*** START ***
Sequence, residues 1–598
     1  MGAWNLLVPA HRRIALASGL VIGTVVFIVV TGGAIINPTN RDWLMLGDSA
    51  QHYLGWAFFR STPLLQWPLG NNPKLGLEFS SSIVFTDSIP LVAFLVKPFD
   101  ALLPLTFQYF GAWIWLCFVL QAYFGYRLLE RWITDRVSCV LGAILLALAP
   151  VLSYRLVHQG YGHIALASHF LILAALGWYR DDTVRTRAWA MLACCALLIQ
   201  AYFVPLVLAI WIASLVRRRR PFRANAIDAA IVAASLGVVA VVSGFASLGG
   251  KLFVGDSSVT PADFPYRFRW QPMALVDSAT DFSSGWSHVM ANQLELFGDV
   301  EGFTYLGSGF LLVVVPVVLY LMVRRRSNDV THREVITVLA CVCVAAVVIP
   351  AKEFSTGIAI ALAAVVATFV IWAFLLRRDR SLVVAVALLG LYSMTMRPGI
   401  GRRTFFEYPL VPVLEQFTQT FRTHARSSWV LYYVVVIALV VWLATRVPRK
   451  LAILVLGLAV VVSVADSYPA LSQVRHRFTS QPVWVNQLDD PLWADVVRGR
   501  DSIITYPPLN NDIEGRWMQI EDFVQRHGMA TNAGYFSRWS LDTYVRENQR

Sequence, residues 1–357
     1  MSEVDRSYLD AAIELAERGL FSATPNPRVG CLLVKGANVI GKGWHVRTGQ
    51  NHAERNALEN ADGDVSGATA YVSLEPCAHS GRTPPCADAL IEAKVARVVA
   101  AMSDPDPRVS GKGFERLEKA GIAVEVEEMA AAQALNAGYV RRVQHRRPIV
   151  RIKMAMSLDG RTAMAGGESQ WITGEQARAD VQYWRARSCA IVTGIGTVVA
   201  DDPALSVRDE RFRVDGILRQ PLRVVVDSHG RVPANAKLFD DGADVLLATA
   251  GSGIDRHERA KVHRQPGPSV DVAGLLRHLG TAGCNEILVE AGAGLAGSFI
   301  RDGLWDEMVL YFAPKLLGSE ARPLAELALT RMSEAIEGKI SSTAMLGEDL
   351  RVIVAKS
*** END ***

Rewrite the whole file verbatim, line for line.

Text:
Sequence, residues 1–598
     1  MGAWNLLVPA HRRIALASGL VIGTVVFIVV TGGAIINPTN RDWLMLGDSA
    51  QHYLGWAFFR STPLLQWPLG NNPKLGLEFS SSIVFTDSIP LVAFLVKPFD
   101  ALLPLTFQYF GAWIWLCFVL QAYFGYRLLE RWITDRVSCV LGAILLALAP
   151  VLSYRLVHQG YGHIALASHF LILAALGWYR DDTVRTRAWA MLACCALLIQ
   201  AYFVPLVLAI WIASLVRRRR PFRANAIDAA IVAASLGVVA VVSGFASLGG
   251  KLFVGDSSVT PADFPYRFRW QPMALVDSAT DFSSGWSHVM ANQLELFGDV
   301  EGFTYLGSGF LLVVVPVVLY LMVRRRSNDV THREVITVLA CVCVAAVVIP
   351  AKEFSTGIAI ALAAVVATFV IWAFLLRRDR SLVVAVALLG LYSMTMRPGI
   401  GRRTFFEYPL VPVLEQFTQT FRTHARSSWV LYYVVVIALV VWLATRVPRK
   451  LAILVLGLAV VVSVADSYPA LSQVRHRFTS QPVWVNQLDD PLWADVVRGR
   501  DSIITYPPLN NDIEGRWMQI EDFVQRHGMA TNAGYFSRWS LDTYVRENQR

Sequence, residues 1–357
     1  MSEVDRSYLD AAIELAERGL FSATPNPRVG CLLVKGANVI GKGWHVRTGQ
    51  NHAERNALEN ADGDVSGATA YVSLEPCAHS GRTPPCADAL IEAKVARVVA
   101  AMSDPDPRVS GKGFERLEKA GIAVEVEEMA AAQALNAGYV RRVQHRRPIV
   151  RIKMAMSLDG RTAMAGGESQ WITGEQARAD VQYWRARSCA IVTGIGTVVA
   201  DDPALSVRDE RFRVDGILRQ PLRVVVDSHG RVPANAKLFD DGADVLLATA
   251  GSGIDRHERA KVHRQPGPSV DVAGLLRHLG TAGCNEILVE AGAGLAGSFI
   301  RDGLWDEMVL YFAPKLLGSE ARPLAELALT RMSEAIEGKI SSTAMLGEDL
   351  RVIVAKS